Homeland Center (www.homelandcenter.org) offers levels of care including personal care, memory care, skilled nursing and rehabilitation. Homeland also provides hospice, home care, home health and palliative care services to serve the diverse and changing needs of families throughout central Pennsylvania. For more information or to arrange a tour, please call 717-221-7900.

Homeland Unveils Tribute Medallions at a Special Ceremony in May


homeland unveiling eventHomeland unveiled its Tribute Medallions at a special ceremony held in May at Homeland Center in Uptown Harrisburg. The Tribute Medallions along with a special plaque about Homeland are displayed on the iron fence that surrounds the facility. The zinc metal medallions are a tribute to loved ones who received Homeland services as well as recognition of those who make a difference through their volunteerism and dedication to Homeland.

The event included a special blessing from Todd Carver, MDiv, BCC, Homeland Chaplain, and remarks from Noelle Valentine, MSW, LSW, Homeland’s Lead Bereavement Counselor, about Homeland’s dedication to serving families through its outreach efforts. Following the remarks, guests toured the path along the fence to see the medallions and were invited to tour Homeland Center.

“The Tribute Medallions memorialize loved ones and represent the unity of Homeland’s work,” Noelle says. “Through Homeland Center and our outreach efforts we have a special connection with the names and families associated with each medallion.”

in memory of frances shoop medallionThe Tribute Medallion initiative was launched at Homeland Hospice’s 10th Anniversary Celebration in November 2019. At the event, Luetta Romberger of Millersburg purchased two Tribute Medallions in remembrance of her husband, Stanley Romberger, and mother, Francis Shoop, who received hospice services. When Homeland began assisting the family, Stanley was living at home and Francis lived a short distance away. As his health began to decline, Stanley entered a nursing home. Francis soon followed and resided in the same nursing facility. After Stanley died in 2018, Francis moved into Luetta’s home. With the help of Homeland, Luetta cared for her mother until her passing in 2019.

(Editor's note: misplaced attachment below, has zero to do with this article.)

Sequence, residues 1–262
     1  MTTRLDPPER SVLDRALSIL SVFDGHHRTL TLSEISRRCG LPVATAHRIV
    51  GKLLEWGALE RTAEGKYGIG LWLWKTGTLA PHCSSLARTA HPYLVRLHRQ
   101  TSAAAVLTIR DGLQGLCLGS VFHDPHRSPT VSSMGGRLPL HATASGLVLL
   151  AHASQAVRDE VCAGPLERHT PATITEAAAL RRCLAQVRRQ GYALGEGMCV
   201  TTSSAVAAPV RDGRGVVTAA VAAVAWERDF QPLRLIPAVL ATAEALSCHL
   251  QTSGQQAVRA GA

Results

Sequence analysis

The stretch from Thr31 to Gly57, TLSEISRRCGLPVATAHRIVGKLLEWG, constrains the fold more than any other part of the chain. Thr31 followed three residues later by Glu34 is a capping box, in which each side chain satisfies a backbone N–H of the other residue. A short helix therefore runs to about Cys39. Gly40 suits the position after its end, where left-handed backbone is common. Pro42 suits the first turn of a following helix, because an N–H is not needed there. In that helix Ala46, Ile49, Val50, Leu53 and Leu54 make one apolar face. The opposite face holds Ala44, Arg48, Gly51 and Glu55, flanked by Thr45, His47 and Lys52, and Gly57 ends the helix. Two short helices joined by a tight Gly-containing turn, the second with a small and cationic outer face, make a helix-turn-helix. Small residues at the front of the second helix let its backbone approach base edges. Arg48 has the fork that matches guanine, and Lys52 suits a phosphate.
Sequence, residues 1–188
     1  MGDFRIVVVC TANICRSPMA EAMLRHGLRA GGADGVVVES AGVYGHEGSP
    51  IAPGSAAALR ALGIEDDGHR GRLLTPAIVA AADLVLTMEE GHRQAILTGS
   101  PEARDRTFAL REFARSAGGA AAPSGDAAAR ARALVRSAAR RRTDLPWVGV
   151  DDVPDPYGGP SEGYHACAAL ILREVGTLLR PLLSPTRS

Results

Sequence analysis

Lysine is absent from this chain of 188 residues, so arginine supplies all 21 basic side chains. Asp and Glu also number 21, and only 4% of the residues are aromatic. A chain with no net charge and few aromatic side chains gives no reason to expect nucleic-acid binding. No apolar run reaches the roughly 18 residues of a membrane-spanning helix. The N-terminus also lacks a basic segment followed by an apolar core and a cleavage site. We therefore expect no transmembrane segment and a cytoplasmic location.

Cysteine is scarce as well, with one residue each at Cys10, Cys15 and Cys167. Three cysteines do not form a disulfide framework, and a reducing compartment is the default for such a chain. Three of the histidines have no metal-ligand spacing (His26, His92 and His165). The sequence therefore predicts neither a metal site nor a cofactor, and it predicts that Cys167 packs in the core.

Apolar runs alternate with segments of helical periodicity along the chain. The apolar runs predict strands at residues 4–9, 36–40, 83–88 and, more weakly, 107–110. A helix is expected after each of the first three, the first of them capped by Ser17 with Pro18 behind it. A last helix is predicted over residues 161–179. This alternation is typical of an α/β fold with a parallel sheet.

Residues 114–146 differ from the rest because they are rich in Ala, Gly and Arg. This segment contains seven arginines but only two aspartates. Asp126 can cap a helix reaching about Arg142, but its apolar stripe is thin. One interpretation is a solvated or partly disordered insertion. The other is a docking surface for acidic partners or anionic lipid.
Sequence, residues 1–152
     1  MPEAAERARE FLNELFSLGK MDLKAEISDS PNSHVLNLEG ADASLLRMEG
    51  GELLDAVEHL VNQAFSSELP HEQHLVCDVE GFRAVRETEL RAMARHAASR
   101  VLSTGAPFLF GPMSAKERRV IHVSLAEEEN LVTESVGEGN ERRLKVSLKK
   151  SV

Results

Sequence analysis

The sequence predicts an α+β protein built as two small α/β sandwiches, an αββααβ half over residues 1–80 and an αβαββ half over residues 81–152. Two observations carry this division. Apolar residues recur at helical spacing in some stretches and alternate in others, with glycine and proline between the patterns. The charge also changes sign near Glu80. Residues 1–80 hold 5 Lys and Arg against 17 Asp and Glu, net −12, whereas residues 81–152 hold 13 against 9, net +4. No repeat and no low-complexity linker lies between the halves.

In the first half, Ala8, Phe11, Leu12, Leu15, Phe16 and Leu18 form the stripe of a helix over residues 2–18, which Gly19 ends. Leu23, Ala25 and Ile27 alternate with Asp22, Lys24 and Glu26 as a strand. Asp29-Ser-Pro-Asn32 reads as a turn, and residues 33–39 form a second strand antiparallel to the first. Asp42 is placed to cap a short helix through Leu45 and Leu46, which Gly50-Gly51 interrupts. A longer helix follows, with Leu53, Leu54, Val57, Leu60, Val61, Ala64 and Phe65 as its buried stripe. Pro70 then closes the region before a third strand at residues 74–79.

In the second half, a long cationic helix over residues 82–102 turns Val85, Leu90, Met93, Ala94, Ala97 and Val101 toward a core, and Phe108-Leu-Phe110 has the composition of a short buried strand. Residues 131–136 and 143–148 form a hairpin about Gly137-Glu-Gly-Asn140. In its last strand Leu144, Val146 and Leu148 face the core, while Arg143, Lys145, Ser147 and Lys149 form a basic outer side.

“I will always appreciate the care we received from Homeland,” Luetta says. “The support was beyond my expectations.”

At the event, Luetta toured Homeland Center. Along the way, she noticed a pianist playing on the baby grand piano in the dining room. Homeland frequently invites guests to perform for residents over lunch and dinner. Luetta asked if her 13-year-old grandson Elliott could play. He returned several weeks later and entertained the residents.

For Luetta and families throughout central Pennsylvania, Homeland is personal. Through its work, Homeland has the privilege to care for families and their loved ones during their changing life circumstances. The Tribute Medallions and Homeland’s outreach efforts will continue to grow as the needs of our community evolve.

“We will continue to offer Tribute Medallions for families to memorialize their loved ones,” Noelle says. “Every name and every medallion will forever be an important part of Homeland’s history.”

Since Homeland Center began as the “Home for the Friendless,” more than 155 years ago, it has been – and will always be – a place for friends, family and the community to find respite and support. Every time someone enters Homeland, the first thing they see is a beautiful iron fence with the names of loved ones on tribute medallions. Each name has a story and is part of Homeland’s history.

For more information, visit HomelandatHome.org or HomelandCenter.org.

Board of Managers member Maggie Kirsch: Gratitude and fulfillment